Prayer, Breath, Presence

It always comes back to the breath, doesn’t it?

In yoga, the word for breath is “Prana”, which is also the origin of the word “Prayer”. Breath and prayer are well acquainted with each other. A sentence in one of the Cadfael books by Ellis Peters shows us how: “He prayed as he breathed, forming no words and making no specific requests, only holding in his heart … all those people who were in stress or grief…”

In this meditation we use the inbreath and outbreath to move into a quiet, appreciative, accepting place. We remember that there is a force greater than us that breathes us. And we rest in the presence of that great force, allowing it to share our troubles and our joys.

How to Practice

Start by being present where you are. Notice the temperature of the air, the sounds, the sensations of your feet on the floor or ground. Breathe quietly. Get a sense of yourself as one melody in the symphony around you.

Breathe in the wonder of presence. It can feel like nothing at all, or it can feel peaceful, amazing, beautiful.

Breathe out whatever you are sharing: a trouble you find hard to hold or hard to release or hard to accept, whatever joy is so poignant it seems almost too full to hold, or smaller momentary concerns or pleasures. Whatever it is you are sharing, don’t give it words or form. You may not even have words for it. This is not the right time for requests. Let it be quiet. Give it a moment. Give yourself a moment.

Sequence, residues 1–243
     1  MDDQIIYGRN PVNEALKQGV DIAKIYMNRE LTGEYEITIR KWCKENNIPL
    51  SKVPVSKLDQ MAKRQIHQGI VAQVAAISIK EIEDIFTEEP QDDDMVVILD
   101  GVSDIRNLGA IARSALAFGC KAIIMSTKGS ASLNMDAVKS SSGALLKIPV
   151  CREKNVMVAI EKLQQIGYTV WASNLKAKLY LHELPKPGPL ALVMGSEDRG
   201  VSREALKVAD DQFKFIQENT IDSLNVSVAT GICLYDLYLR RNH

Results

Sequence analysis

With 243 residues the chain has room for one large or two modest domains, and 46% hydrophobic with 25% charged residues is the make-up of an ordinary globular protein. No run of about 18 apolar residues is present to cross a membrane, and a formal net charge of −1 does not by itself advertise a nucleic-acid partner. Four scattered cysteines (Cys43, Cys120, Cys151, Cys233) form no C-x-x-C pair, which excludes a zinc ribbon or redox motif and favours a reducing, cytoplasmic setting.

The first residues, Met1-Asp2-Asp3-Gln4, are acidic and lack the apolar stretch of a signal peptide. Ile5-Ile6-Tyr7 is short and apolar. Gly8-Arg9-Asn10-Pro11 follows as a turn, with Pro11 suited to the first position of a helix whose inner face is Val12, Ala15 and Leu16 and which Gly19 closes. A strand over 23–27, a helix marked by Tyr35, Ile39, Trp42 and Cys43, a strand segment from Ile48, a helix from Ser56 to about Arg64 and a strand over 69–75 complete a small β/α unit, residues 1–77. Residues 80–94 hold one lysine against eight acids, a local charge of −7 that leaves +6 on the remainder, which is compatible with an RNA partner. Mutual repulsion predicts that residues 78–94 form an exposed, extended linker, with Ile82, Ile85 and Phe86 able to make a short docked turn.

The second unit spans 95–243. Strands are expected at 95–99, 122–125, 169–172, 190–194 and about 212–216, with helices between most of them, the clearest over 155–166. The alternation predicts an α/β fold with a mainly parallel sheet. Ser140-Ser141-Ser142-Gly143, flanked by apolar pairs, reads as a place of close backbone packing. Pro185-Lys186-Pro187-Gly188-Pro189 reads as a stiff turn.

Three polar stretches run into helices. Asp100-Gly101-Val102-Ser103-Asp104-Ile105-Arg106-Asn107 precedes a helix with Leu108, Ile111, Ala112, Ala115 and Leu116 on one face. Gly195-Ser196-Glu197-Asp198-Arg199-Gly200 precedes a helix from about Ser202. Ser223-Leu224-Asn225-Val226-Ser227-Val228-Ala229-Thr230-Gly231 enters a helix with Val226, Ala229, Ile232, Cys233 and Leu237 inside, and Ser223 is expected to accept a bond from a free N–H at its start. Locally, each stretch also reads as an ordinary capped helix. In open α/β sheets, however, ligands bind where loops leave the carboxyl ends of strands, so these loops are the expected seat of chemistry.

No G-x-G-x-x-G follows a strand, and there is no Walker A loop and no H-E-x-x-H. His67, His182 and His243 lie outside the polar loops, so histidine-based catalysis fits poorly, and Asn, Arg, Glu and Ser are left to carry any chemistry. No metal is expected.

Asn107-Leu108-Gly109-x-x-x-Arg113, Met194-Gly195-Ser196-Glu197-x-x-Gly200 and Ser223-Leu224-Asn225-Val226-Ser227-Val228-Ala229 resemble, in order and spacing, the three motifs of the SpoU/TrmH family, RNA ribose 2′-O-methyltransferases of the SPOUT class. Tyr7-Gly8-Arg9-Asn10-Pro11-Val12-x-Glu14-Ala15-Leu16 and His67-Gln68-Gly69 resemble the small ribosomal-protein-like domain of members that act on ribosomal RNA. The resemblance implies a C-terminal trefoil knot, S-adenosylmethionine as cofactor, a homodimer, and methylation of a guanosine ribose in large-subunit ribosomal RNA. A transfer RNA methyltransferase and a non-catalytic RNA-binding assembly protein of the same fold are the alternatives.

Continue breathing in and out in this way for as long as feels right. If you are busy, give it a few seconds. If you can linger in this, notice how it will lift on its own after a while, letting you know that it’s time to move on.


At first you may find all you are bringing to this meditation is problems: the humiliation you feel when your boss has just shouted at you, your worry about money, the helplessness you feel about the illness of a friend. But after a while, as you get used to doing this meditation, you may find pleasure in bringing the joys to it also: a sense of celebration at a baby’s birth, delight in your friend finding love, the quiet pleasure you feel as you watch a beautiful sunset. And if you can keep the words out of it and rest simply in whatever energy you are feeling at the time, it can include emotions, feelings, concepts, or mixtures of them all that have no names, that have no language.

One of the very nice things about this meditation is that instead of having “greater power” over there and “me” over here, it brings them together. It may be a means to attain a sense of unity of “greater power” and “me”, but at the same time, just doing the meditation is an expression of “greater power”. The “I” who calls is the “I” who responds.